While Justine is happy to show evidence of her advancing years and her life experience on her face and body, like so many of her male contemporaries, she is still a minority in Hollywood, as the global reaction to Jennifer's 'refreshing' grey hair proves. 

Listen: Mamamia's Outloud trio discuss Paulina Porizkova's views on ageing. Post continues below.


Kim Cattrall, 66, gave an interview this week about her cameo in season two of And Just Like That and how if she wants to keep working, she can't afford to look her age.

“I’m in my sixties now and I’m all about battling ageing in every way I can,” she told a UK newspaper.

“There are fillers, Botox, there’s so many different things that you can investigate and try and see if it’s for you."

She said that the work she's had done on her face is "not just a vanity thing," but that it helps her to keep getting the sorts of roles she is famous for. "I play a certain kind of woman who looks a certain kind of way. And professionally I am looking after myself.”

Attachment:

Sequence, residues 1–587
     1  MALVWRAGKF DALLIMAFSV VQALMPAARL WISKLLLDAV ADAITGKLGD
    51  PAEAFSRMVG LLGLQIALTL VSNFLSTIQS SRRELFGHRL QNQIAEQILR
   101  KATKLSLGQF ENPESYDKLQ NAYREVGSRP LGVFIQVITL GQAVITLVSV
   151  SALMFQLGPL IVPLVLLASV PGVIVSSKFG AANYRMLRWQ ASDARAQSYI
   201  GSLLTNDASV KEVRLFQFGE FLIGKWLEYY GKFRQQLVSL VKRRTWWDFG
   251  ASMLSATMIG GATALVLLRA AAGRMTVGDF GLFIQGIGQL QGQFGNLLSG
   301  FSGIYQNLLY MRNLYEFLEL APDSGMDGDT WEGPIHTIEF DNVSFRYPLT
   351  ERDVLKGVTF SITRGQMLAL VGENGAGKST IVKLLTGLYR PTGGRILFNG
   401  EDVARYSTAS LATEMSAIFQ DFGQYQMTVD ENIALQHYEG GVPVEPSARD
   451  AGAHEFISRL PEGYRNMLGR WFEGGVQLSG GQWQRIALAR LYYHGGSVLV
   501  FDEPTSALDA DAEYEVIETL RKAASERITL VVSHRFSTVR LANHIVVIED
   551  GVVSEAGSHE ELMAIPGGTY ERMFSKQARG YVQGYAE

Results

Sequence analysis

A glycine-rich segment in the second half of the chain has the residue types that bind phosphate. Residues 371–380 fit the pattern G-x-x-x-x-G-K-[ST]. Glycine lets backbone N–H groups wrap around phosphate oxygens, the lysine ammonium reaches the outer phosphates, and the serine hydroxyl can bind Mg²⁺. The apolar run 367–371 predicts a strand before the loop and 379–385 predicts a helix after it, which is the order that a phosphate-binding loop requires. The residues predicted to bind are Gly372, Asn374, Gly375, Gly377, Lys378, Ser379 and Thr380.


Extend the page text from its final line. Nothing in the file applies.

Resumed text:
I know she is no regular 66-year-old grandmother enjoying her retirement years, but that Kim Cattrall is still worrying about how she looks in her seventh decade just makes me feel so tired. 

And also, sad. 

There is no doubt that what goes on for the women in La La Land, filters down to affect us regular women. Just look at how the Kardashians have inspired a generation of women to look like they do with smooth skin, contoured cheeks and plumped lips. I see them everywhere and I don't just mean on Netflix.

But as an ageing woman in my mid-40s who still dyes my hair, how am I supposed to feel about these mixed messages around growing older?

Do I feel relief that Jennifer Aniston has finally shown us something real and 'refreshing' with her grey hair? Do I celebrate her authenticity or feel depressed that the bar is so low that these are the crumbs I have to celebrate?